Safety utility fee passes first reading

Ordinance to head to final vote on Monday



DALLAS — The Dallas City Council will vote Monday on the proposed fee to pay for two police officers and two firefighter paramedics.

On Sept. 4, the ordinance creating the fees passed its first reading and is slated for a vote at the council’s meeting Monday at 7 p.m.

If approved, the fee would be $4.85 per month to Dallas water customers within city limits.

Eriks Gabliks, a volunteer firefighter for Dallas Fire & EMS and husband of Councilor Kelly Gabliks, spoke in favor of the fee. He said he was speaking as a Dallas resident, not a member of the department.

“On the chart that the staff put together in blue, is it very clear that number of officers that we have for the size of the community is no longer realistic to provide the service that our citizens demand,” he said.

Gabliks said the same is true of the fire and EMS, as it is responding to more than 3,000 calls per year within Dallas.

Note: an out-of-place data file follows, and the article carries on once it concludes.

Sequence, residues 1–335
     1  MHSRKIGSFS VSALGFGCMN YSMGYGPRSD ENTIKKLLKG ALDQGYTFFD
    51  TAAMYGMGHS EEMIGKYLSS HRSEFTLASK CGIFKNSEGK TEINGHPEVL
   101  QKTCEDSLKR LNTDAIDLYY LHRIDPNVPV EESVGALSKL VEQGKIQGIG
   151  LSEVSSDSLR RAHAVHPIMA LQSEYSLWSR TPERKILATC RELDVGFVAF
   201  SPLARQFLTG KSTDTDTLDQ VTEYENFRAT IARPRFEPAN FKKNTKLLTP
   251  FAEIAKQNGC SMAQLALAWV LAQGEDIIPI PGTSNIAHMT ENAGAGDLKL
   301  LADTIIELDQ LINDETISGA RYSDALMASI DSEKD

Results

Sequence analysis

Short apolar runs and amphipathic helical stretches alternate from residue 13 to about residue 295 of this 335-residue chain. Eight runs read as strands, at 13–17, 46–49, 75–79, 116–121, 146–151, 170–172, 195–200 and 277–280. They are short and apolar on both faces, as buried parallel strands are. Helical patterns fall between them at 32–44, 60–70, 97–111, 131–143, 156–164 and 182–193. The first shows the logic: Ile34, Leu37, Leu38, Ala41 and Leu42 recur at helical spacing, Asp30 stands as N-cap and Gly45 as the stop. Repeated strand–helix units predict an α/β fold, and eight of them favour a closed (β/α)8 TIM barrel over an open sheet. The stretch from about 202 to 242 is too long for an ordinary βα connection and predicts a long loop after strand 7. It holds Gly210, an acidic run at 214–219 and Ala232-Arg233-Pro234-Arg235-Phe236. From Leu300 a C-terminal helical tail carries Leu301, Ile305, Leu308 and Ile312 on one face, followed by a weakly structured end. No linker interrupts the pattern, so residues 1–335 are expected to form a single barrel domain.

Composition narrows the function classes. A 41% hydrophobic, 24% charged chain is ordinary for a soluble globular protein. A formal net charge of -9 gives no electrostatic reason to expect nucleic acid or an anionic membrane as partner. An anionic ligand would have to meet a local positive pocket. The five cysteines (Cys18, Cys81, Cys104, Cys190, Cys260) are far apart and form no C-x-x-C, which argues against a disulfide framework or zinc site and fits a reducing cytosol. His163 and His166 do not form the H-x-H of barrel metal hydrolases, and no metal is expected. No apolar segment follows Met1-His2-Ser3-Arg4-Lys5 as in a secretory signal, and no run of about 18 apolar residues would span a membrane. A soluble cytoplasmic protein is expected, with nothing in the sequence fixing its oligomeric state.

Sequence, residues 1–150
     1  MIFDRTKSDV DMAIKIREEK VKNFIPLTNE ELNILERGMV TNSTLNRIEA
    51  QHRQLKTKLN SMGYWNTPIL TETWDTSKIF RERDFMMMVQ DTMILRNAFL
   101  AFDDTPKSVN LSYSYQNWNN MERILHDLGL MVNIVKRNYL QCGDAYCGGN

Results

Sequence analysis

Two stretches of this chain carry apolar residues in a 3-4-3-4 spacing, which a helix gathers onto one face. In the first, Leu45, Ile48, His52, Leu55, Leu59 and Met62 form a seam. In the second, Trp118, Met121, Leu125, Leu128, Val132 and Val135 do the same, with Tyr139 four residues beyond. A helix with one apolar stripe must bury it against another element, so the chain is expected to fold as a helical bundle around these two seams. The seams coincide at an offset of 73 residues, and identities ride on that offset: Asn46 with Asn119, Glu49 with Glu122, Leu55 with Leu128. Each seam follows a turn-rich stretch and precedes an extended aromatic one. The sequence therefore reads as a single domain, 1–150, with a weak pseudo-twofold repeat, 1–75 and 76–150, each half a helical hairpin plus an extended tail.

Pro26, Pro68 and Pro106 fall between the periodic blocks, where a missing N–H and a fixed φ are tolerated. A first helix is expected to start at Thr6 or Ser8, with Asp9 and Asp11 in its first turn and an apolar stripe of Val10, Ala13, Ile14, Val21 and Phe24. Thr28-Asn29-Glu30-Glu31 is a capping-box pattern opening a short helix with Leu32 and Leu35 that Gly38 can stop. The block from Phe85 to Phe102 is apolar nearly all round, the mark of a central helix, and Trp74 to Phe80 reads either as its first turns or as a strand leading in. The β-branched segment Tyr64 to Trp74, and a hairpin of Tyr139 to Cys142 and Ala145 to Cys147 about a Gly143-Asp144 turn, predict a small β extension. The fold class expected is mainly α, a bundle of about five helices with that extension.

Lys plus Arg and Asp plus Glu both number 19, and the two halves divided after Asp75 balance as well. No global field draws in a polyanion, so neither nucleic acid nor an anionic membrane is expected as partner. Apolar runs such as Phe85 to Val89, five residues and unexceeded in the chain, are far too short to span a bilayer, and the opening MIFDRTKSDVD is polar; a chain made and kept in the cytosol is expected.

“What I would suggest is that you move forward with the two additional firefighter-paramedics because we need them,” he said. “The fact that we’ve been able to do it for so long with a hybrid career-volunteer system truly speaks volumes to the dedication of volunteers, but also to the reality that it’s not sustainable.”

Gabliks added that the entire fire service system in the region isn’t sustainable either. He referenced a meeting in which representatives of Southwest Polk Rural Fire Protection District, Sheridan Fire and West Valley Fire attended in Dallas to discuss a regional district including Dallas.

“They are all broke. They are all looking to work together; they all need to increase taxes just to provide the current service level, and they’d love Dallas to part of that,” Gabliks said. “I think what you also got, if you read the tea leaves, is they are really not interested in working with Dallas in our current arrangement.”

The city is in negotiations with Southwest on its administrative services contract. Dallas Fire & EMS leaders serve as Southwest’s administrators. Gabliks said that contract needs to reflect the higher costs the city is paying to provide fire service in the city and rural district.

“Southwest Polk should stop riding on the back of city of Dallas taxpayers and pay their fair share,” Gabliks said.



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